In the Commercial Space Launch Amendments Act ( CSLAA ), Congress expressly stated that space tourism is inherently risky, it is comparable to adventure travel and participants are akin to daredevils, visionaries and adventurers.

The Federal Aviation Administration Office of Commercial Space Transportation (FAA/AST) — the agency charged by Congress with regulating this emerging industry — responded to the congressional view of space tourism by expressly stating in it s “Final Rule” on Human Space Flight Requirements that before receiving compensation or agreeing to fly a space flight participant, an operator must give each participant written warnings stating that there are known and unknown hazards to space flight, that participants could be injured or killed and that none of the vehicles have been certified by the U.S. government as safe for even carrying human beings.

This constellation of warnings the operators are supposed to give to the space flight participants (“SFP”) is referred to by Congress and the FAA/AST as written “informed consent,” and is required to show that the FAA/AST is protecting the uninvolved public in a way that does not stifle the emerging industry.

In order to protect itself and fulfill its mandate, the FAA/AST will require that SFP s sign cross waivers. While there seems to be a lot of misinformation currently in the media about cross waivers, the legal fact is that they provide no protection for the SFP s or the operators from claims resulting from space flight accidents — the waivers only protect the government from claims made by operators or participants.

That is why the informed consent issue is so important to understand. Congress and the FAA/AST intended that SFP s make their own choices on space travel knowing that they will bear the physical, legal and financial risk of their decision .

So the burning question right now — realizing that the relationship between the SFP and the operators has not been legally protected by the FAA/AST’s regulations is: H ow far do the warnings have to go? What will be considered a good or complete set of warnings, and what exactly have the federal regulations mandated between the operator and the SFP in terms of information exchange? At this juncture regulators, operators, insurers, investors and wanna-be participants are all asking these questions.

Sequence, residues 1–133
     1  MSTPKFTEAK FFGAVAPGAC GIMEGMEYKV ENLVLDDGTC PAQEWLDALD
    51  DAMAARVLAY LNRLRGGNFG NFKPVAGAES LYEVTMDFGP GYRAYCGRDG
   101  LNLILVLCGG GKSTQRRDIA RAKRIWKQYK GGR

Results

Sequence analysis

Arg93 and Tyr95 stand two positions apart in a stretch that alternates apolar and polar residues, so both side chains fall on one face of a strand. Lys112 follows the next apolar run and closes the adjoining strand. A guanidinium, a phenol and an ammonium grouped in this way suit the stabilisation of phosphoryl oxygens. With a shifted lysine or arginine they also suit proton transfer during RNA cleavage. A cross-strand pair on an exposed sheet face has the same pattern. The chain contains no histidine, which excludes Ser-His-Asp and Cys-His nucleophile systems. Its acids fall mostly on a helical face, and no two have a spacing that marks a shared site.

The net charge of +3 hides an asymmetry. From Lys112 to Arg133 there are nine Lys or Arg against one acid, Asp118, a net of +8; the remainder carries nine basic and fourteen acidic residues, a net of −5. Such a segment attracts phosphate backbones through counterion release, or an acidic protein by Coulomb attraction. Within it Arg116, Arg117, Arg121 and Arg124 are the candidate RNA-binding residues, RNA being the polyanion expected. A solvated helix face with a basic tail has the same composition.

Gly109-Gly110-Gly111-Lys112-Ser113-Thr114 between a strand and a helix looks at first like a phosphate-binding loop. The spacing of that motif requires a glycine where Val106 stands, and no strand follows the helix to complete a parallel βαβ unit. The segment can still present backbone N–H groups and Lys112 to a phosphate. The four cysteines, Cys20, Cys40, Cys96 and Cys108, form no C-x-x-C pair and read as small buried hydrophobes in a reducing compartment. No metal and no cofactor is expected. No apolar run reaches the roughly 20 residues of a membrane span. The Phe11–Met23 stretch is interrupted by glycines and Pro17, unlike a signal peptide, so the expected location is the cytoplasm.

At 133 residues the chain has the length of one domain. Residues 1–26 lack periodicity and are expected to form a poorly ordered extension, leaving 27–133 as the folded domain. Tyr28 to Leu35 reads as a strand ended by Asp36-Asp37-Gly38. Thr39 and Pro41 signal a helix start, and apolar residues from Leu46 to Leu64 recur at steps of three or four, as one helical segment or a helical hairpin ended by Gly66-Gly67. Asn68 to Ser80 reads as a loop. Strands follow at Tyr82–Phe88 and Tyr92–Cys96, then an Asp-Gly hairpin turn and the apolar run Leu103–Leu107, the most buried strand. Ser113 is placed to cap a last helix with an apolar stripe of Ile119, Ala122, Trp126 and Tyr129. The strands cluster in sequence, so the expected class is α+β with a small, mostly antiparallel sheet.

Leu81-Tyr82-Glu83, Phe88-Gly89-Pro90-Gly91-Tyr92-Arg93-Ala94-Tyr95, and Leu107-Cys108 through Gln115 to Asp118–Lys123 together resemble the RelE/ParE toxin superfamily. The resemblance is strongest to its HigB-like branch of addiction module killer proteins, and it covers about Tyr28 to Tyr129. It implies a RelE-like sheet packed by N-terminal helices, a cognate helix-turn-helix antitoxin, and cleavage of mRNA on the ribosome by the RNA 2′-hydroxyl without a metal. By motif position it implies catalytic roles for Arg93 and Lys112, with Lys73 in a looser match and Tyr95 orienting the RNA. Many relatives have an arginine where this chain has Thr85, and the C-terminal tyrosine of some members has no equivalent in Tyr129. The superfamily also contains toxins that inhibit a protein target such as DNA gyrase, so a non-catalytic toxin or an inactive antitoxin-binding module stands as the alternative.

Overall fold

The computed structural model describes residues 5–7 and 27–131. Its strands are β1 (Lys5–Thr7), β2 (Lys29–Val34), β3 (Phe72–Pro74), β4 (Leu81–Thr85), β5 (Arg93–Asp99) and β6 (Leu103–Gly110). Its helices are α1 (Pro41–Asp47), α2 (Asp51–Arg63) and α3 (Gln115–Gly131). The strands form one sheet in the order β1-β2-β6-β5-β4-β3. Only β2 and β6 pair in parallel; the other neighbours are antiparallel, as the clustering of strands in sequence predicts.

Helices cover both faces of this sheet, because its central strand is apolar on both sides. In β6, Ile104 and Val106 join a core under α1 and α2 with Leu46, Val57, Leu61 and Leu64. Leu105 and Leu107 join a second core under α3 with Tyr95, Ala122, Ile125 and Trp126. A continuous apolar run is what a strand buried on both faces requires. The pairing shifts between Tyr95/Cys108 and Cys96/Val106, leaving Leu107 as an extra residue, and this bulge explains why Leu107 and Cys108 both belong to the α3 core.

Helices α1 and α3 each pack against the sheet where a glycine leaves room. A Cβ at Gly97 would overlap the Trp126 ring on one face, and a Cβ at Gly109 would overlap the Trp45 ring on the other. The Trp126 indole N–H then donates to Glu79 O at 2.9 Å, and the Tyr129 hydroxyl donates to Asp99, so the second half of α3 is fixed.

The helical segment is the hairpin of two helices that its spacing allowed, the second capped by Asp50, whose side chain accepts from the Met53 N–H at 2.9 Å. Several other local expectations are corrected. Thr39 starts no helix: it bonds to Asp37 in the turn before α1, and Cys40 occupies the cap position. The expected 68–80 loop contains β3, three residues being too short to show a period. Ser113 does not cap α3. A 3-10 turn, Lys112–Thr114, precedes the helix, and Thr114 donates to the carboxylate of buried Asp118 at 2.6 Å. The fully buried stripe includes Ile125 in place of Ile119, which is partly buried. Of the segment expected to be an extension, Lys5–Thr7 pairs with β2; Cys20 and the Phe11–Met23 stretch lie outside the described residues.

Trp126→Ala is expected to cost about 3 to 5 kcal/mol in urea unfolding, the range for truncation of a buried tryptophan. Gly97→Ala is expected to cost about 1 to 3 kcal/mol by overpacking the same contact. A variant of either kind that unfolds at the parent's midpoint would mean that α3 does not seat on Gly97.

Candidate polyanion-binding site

Since Congress declared that space faring folks — be they the builders, operators or tourists — are to be considered adventurers and daredevils, we need to look hard at the commercial adventure world and what the law/courts have said in response to incidents in that arena.

In the adventure sport and recreational world, it is fair to say that one of the most important duties a commercial operator owes its clients is a legal duty to inform guests of the risks that they are taking in participating in an activity. Explaining/instructing/warning is the foundation of minimizing or mitigating risks associated with any activity; it is thought that informed or thoroughly briefed clients legally assume the risks of the activity and act more reasonably on their own behalf while doing the activity.

In the case of a commercial space adventure or tourism operator, however, the full range of risks in the new suborbital market is not yet realized, and standards, policies and procedures to minimize risk have not yet been developed. As a result, effective warnings are difficult to articulate.

Given mankind’s overall very limited history in space, the safety record to date of experimental or research type rocket planes and the simple disparity in vehicles currently being developed, standards are a long way off. So, w hat should a participant know in the next few years in order to make an “informed” decision on whether or not to fly on a new rocket plane ?

The answer at this stage of the game is that operators should tell you everything. Any decently drafted written warning for this developing adventure activity needs to first express the state of the industry. Such warnings must explain that one of the primary hazards or risks associated with space travel is that there are no accepted industry standards on things like physical condition of the SFP, appropriate SFP gear, passenger safety equipment , safety briefing requirements, vehicle capability for routine suborbital space travel or even on pilot qualifications.